Photo by George Lauby
Sandy Schade outlines the situation
Photo by George Lauby
The director of the Pawnee Assisted Living Hotel asked for help Saturday, admitting that the operation might not be salvageable.
Sandy Schade held a discussion with about 30 people – civic leaders, counselors, mental health care advocates and residents – for nearly two hours in the hotel lobby.
The question is if the building should be fixed up or closed down.
“I really don’t know the future right now,” Schade said. “We can’t sustain this building without help. It is an albatross around my neck and we can’t do it alone.”
City Administrator Jim Hawks said he would go over the finances on Monday with Schade to see what might be feasible.
The second of two 83-year-old boilers – the main heat source - quit on Dec. 19. It is not worth fixing, Schade said. Temporary space heaters were set up, and residents wear coats as they come and go through the lobby.
The hotel is home to people with emotional and behavorial disabilities.
The Bulletin talked with Schade in the lobby for two hours on New Year’s Day, researching the situation as residents came and went or watched football in the lobby.
(For that report, see this week’s print edition, on sale on our news racks throughout Lincoln County and surrounding towns.)
The hotel has made-do with temporary heaters, is installing baseboard heaters in rooms and adding temporary forced air furnaces in the lobby.
Jenny Olson, the administrator of North Platte’s Liberty House on Fourth and Willow, a home for the same type of residents, said the community of North Platte needs the Pawnee.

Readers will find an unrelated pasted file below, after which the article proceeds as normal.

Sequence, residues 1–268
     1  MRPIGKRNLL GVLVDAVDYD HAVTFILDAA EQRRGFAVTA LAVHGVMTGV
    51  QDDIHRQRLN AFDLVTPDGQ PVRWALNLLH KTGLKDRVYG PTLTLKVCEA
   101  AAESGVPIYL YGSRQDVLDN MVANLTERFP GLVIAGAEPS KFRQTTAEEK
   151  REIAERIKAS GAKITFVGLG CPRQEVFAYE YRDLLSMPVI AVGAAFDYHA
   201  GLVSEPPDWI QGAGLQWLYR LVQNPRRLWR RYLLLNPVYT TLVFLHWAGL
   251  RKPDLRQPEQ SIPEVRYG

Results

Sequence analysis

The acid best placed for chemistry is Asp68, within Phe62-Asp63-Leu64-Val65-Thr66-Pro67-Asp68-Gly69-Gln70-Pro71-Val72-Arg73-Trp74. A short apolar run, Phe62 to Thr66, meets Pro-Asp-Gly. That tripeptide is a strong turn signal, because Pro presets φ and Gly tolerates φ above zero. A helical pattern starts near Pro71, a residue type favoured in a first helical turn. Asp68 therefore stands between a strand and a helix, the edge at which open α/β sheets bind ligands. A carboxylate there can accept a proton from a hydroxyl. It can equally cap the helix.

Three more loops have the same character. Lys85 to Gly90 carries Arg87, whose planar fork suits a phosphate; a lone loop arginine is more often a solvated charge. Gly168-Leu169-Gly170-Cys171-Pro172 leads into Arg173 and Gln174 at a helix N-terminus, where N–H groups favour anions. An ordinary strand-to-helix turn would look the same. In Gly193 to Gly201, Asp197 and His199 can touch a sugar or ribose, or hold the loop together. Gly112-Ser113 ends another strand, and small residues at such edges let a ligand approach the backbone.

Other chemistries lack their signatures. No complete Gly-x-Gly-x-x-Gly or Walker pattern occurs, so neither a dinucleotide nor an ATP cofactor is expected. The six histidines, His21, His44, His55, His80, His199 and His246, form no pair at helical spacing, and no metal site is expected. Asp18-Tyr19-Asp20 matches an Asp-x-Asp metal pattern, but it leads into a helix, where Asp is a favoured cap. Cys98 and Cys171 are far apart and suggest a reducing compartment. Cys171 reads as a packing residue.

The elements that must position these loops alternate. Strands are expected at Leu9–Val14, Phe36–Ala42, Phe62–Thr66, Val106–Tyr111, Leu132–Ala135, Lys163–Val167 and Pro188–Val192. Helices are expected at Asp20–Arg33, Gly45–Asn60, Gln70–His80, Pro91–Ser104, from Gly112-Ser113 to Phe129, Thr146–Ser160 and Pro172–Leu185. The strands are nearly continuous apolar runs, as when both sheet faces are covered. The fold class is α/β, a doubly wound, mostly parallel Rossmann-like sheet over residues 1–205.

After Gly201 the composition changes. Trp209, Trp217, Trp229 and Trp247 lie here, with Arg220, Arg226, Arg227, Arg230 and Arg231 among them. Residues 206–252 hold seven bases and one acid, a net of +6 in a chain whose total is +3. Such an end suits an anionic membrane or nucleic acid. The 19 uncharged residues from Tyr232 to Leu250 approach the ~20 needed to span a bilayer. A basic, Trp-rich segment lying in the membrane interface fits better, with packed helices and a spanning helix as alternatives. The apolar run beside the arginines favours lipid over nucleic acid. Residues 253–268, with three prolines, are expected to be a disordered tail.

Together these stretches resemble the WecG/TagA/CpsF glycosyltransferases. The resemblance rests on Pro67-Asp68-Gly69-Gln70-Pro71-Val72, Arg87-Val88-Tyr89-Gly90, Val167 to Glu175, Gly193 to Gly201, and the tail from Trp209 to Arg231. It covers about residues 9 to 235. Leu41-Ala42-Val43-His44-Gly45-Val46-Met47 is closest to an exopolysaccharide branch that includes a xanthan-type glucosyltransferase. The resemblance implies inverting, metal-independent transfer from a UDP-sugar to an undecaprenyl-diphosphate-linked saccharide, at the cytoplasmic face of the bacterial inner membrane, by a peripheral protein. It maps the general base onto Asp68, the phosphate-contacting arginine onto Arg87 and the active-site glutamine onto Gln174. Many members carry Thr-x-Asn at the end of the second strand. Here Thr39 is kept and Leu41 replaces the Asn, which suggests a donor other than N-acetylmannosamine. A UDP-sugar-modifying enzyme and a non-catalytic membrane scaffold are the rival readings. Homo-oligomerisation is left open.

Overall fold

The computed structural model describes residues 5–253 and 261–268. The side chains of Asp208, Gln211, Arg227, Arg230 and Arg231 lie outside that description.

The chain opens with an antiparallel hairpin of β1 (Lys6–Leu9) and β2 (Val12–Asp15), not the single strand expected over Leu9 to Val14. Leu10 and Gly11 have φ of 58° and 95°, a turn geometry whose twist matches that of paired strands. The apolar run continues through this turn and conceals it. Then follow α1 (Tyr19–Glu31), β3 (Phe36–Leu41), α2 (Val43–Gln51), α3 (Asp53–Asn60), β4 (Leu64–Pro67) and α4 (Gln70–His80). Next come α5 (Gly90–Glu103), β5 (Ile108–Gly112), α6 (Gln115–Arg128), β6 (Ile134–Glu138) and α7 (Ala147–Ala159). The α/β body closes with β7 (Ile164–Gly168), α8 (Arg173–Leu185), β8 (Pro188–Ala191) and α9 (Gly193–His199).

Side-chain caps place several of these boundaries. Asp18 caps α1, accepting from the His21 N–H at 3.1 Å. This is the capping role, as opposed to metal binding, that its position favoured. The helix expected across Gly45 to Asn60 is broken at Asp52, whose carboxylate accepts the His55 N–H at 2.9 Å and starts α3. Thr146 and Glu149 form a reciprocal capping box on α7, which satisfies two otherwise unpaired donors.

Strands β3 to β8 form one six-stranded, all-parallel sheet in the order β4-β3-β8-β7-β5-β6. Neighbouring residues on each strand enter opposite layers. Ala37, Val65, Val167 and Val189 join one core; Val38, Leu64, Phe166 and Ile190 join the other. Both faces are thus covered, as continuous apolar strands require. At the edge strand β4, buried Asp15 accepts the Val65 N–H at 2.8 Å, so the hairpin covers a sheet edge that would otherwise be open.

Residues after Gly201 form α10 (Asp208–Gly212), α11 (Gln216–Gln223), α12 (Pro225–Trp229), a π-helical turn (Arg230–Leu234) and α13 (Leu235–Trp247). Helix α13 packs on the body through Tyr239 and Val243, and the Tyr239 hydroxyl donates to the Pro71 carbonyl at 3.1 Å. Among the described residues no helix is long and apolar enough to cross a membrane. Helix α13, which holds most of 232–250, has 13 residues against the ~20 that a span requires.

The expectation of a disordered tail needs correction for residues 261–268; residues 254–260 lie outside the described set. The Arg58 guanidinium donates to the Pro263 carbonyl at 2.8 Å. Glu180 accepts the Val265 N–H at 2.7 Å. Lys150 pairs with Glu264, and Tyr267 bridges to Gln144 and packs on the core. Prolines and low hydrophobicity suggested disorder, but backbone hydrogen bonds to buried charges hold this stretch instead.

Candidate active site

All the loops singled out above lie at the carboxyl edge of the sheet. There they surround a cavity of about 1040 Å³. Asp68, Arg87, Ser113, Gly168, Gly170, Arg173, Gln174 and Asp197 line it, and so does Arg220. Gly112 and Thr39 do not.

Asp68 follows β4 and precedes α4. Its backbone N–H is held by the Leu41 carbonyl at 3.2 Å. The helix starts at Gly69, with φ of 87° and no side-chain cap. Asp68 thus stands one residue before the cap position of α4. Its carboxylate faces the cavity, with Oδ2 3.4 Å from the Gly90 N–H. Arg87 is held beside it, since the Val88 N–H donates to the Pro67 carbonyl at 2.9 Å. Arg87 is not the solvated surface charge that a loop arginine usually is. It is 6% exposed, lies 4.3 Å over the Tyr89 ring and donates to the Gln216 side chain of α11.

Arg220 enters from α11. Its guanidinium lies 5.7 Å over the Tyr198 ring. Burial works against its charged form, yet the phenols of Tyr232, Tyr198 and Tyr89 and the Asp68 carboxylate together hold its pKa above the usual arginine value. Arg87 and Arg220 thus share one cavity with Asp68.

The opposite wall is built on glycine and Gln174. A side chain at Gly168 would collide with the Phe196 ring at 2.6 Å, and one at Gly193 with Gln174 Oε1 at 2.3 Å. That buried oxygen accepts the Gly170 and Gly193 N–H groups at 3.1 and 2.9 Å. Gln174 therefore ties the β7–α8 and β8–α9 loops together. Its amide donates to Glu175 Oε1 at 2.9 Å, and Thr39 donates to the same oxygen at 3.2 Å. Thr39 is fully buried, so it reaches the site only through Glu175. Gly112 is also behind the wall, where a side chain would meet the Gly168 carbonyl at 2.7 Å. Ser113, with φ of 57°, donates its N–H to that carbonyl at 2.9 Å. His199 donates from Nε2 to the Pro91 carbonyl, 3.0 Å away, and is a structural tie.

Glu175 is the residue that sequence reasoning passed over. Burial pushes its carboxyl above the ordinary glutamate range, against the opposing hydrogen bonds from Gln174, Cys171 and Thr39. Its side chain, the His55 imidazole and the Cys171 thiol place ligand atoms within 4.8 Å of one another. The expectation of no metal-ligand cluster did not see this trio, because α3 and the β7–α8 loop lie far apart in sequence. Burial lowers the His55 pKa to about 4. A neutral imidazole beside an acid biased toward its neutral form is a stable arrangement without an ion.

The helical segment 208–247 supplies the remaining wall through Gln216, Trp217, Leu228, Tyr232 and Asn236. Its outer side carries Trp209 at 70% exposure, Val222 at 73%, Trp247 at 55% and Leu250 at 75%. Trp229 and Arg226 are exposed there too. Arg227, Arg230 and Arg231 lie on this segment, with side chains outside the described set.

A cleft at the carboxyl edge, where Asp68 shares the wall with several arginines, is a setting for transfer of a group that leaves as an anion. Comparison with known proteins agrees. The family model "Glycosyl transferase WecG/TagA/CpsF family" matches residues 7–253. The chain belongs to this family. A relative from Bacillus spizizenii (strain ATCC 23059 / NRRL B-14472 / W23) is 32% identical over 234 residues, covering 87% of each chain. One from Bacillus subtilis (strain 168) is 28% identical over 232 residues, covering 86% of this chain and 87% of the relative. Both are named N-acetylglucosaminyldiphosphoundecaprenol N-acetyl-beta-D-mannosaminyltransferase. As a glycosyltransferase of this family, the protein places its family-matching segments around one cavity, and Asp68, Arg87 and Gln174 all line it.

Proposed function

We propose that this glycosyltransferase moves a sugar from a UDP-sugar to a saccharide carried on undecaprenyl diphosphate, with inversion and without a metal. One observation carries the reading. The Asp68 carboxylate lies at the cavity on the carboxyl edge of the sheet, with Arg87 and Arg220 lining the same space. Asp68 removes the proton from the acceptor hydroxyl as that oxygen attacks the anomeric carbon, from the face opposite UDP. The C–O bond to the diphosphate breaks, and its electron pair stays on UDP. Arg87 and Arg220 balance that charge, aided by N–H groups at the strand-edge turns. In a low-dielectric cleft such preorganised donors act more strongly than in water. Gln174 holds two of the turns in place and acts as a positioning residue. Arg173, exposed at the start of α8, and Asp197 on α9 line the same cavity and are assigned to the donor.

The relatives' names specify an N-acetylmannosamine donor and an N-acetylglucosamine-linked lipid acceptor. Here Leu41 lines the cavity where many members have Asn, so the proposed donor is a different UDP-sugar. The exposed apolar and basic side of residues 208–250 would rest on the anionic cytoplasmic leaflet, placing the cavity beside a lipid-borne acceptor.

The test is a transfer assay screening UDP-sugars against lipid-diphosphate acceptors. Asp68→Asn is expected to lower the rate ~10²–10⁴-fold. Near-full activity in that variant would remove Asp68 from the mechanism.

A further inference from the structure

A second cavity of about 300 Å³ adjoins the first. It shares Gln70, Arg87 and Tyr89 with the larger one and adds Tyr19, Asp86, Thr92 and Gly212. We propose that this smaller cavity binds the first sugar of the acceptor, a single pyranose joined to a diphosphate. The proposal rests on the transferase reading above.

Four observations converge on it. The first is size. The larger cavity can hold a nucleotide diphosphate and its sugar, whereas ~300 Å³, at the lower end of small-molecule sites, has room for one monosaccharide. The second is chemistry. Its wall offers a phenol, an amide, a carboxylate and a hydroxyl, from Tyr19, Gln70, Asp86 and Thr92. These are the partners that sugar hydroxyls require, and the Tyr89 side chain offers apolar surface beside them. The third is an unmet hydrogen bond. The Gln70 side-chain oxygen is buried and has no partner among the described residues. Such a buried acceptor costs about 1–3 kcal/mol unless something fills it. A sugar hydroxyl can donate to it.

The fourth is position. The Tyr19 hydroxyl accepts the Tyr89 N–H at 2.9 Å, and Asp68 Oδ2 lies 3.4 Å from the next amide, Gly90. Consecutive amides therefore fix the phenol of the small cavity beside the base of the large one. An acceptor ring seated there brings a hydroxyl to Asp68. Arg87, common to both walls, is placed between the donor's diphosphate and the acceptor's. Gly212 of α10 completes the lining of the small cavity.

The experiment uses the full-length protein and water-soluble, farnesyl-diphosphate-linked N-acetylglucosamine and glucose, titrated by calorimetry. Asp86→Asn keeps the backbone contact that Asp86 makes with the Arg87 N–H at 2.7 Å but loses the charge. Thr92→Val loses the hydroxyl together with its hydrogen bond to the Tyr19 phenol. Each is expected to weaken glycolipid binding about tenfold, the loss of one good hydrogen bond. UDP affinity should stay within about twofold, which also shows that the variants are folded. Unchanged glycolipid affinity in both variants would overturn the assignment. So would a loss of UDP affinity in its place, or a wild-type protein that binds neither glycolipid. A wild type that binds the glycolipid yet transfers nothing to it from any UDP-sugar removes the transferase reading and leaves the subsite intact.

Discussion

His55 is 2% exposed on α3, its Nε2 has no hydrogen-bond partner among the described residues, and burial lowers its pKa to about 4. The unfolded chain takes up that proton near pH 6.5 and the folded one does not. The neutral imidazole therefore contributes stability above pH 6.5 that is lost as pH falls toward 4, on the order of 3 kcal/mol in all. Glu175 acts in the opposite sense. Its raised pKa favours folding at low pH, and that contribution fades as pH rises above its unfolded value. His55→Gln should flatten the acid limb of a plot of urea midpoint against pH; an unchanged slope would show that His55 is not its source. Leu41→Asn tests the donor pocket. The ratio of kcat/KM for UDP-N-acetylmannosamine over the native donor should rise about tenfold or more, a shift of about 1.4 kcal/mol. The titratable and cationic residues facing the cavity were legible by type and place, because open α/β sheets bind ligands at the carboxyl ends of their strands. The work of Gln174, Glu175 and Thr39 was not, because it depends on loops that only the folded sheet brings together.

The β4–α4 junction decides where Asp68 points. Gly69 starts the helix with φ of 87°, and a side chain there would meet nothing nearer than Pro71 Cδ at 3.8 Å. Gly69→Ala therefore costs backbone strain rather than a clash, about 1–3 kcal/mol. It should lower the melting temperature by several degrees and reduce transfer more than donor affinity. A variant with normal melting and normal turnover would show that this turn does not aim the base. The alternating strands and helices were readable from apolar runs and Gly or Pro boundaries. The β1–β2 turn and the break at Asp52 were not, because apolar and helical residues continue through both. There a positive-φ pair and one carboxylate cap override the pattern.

Olson said Liberty House has room for maybe 4-5 more residents, but it is basically full.
Some poeple at the meeting suggested moving the operation from the Pawnee to the former Boys and Girls Home at 2300 East Second, which is for sale. The price of the building is $350,000, said John Striebel, a mental health care counselor who is checking out options.
The Boys and Girls Home would hold about 30 residents.
North Platte Nurse Shirleen Smith, a guardian, is moving two of her charges into an apartment where they will live together. They will have to learn to cook, but she said she thinks they are ready for it.
Residents as well as guardians said the Pawnee is uniquely successful for some, featuring a private room and a private bath.
“I have a resident who had no success anywhere else in the state but here,” said Dorothy Rice, a mental health guardian. “This is one of the better places.”
“Having our own rooms with a bathroom is very important to us,” said a woman named Mary, a former Pawnee resident who is now living on her own. “That much privacy is a big deal to a person (mental health patient) who has no emotional privacy.”
"We haven’t asked the city or the community for much help,” said Kathy Jo Smith, the chairwoman of the board of directors and a volunteer at the hotel for 20 years. “We have a very homey place for our residents. We treat them with love.”
Schade agreed to another meeting in a few days, after she and Hawks review the financial situation.
The hotel has a capacity of about 75, but the number of residents began to decline during the summer, when state inspectors found problems and put the hotel on probation for a year.
Recently, inspectors returned and found insects and stains during an unannounced visit, officially revoking the hotel’s operating license, pending an appeal. A hearing is set for Jan. 30.
Schade said the insects are “water bugs” that frequently live in old pipes in the oldest parts of North Platte. The bugs are rarely seen and are harmless, she said.
The random state inspection also found some medicine administrative records were incomplete. Schade said a med-tech failed to initial some of the records and is no longer working there.
For the Bulletin's opinion, see the opinion page. - Editor